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Viruses are tiny organisms that may lead to mild to severe illnesses in humans, animals and plants. This may include flu or a cold to something more life threatening like HIV/AIDS.
The virus particles are 100 times smaller than a single bacteria cell. The bacterial cell alone is more than 10 times smaller than a human cell and a human cell is 10 times smaller than the diameter of a single human hair.
Viruses by themselves are not alive. They cannot grow or multiply on their own and need to enter a human or animal cell and take over the cell to help them multiply. These viruses may also infect bacterial cells.
The virus particle or the virions attack the cell and take over its machinery to carry out their own life processes of multiplication and growth. An infected cell will produce viral particles instead of its usual products.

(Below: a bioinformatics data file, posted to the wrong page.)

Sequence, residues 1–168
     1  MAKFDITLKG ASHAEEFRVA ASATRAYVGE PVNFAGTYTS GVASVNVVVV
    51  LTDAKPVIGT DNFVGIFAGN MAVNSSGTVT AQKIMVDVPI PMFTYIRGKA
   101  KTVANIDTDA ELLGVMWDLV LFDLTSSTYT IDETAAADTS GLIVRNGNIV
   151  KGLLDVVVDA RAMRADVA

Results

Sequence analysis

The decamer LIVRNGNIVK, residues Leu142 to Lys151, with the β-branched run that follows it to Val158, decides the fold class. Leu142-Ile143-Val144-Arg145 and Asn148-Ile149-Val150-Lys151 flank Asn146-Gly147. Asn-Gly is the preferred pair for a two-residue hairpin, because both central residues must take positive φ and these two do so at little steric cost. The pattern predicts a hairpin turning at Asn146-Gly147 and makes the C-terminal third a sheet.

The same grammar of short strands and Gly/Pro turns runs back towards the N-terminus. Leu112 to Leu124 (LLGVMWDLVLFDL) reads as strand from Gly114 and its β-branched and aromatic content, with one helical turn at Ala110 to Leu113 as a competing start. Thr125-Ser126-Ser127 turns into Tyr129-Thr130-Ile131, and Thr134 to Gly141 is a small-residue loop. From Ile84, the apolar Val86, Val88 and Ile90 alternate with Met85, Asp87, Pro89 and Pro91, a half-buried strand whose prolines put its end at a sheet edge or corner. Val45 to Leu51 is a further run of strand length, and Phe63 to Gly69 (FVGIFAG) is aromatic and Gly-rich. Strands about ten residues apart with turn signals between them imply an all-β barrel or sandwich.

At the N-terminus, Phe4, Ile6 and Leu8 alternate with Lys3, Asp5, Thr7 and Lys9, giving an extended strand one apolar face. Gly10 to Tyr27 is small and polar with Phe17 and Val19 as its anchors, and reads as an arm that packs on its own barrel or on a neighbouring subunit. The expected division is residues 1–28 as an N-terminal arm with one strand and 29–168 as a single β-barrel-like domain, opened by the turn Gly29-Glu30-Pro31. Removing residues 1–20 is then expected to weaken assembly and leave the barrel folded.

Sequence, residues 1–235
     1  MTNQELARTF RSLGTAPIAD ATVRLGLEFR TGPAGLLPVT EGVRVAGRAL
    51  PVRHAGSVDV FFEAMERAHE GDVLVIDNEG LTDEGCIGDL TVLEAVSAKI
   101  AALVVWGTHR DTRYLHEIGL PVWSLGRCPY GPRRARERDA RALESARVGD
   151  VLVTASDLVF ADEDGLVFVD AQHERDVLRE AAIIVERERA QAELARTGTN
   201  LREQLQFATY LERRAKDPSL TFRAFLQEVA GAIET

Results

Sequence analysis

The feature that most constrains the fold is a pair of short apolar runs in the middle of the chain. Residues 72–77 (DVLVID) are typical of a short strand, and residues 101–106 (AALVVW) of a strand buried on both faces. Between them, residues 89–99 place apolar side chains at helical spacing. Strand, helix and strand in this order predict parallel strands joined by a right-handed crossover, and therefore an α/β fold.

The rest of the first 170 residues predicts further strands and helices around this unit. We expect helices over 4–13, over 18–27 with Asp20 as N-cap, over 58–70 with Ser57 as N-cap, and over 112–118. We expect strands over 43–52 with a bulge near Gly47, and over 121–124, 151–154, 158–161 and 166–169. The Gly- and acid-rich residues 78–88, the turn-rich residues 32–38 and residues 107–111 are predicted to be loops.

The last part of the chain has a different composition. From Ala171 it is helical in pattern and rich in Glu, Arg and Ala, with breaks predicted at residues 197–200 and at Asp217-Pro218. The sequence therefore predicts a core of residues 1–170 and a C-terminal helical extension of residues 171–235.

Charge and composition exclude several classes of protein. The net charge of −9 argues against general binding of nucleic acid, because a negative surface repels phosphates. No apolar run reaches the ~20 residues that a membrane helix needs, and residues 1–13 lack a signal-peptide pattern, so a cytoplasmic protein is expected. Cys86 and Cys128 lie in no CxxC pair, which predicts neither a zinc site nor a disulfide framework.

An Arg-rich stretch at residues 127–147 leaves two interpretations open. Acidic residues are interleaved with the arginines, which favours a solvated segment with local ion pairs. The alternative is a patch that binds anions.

A virion (virus particle) has three main parts:
Viruses are not simply taken into cells. They must ﬁrst attach to a receptor on the cell surface. Each virus has its speciﬁc receptor, usually a vital component of the cell surface. It is the distribution of these receptor molecules on host cells that determines the cell-preference of viruses. For example, the cold and flu virus prefers the mucus lining cells of the lungs and the airways.
Viruses do not have the chemical machinery needed to survive on their own. They, thus seek out host cells in which they can multiply. These viruses enter the body from the environment or other individuals from soil to water to air via nose, mouth, or any breaks in the skin and seek a cell to infect.
A cold or flu virus for example will target cells that line the respiratory (i.e. the lungs) or digestive (i.e. the stomach) tracts. The HIV (human immunodeficiency virus) that causes AIDS attacks the T-cells (a type of white blood cell that fights infection and disease) of the immune system.
There are a few basic steps that all infecting viruses follow and these are called the lytic cycle. These include: